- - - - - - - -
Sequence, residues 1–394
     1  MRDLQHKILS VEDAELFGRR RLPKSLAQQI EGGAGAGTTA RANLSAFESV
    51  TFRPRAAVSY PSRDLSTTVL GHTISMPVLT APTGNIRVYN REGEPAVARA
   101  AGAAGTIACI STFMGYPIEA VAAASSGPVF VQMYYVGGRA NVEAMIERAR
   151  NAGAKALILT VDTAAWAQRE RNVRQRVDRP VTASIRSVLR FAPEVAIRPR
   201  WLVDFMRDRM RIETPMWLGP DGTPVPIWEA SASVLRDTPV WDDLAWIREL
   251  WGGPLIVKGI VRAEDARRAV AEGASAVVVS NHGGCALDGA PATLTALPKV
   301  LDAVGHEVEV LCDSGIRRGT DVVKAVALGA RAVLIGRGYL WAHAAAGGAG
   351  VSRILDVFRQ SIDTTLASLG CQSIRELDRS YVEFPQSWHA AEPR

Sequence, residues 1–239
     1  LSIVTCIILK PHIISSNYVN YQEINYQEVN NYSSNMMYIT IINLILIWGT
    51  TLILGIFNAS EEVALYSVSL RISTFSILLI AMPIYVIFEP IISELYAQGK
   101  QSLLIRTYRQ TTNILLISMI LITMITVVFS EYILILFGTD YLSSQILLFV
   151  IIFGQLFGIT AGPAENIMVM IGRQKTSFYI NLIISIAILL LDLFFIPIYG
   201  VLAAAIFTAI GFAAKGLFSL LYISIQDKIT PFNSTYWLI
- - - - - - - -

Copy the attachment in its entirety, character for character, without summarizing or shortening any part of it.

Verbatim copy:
Sequence, residues 1–394
     1  MRDLQHKILS VEDAELFGRR RLPKSLAQQI EGGAGAGTTA RANLSAFESV
    51  TFRPRAAVSY PSRDLSTTVL GHTISMPVLT APTGNIRVYN REGEPAVARA
   101  AGAAGTIACI STFMGYPIEA VAAASSGPVF VQMYYVGGRA NVEAMIERAR
   151  NAGAKALILT VDTAAWAQRE RNVRQRVDRP VTASIRSVLR FAPEVAIRPR
   201  WLVDFMRDRM RIETPMWLGP DGTPVPIWEA SASVLRDTPV WDDLAWIREL
   251  WGGPLIVKGI VRAEDARRAV AEGASAVVVS NHGGCALDGA PATLTALPKV
   301  LDAVGHEVEV LCDSGIRRGT DVVKAVALGA RAVLIGRGYL WAHAAAGGAG
   351  VSRILDVFRQ SIDTTLASLG CQSIRELDRS YVEFPQSWHA AEPR

Sequence, residues 1–239
     1  LSIVTCIILK PHIISSNYVN YQEINYQEVN NYSSNMMYIT IINLILIWGT
    51  TLILGIFNAS EEVALYSVSL RISTFSILLI AMPIYVIFEP IISELYAQGK
   101  QSLLIRTYRQ TTNILLISMI LITMITVVFS EYILILFGTD YLSSQILLFV
   151  IIFGQLFGIT AGPAENIMVM IGRQKTSFYI NLIISIAILL LDLFFIPIYG
   201  VLAAAIFTAI GFAAKGLFSL LYISIQDKIT PFNSTYWLI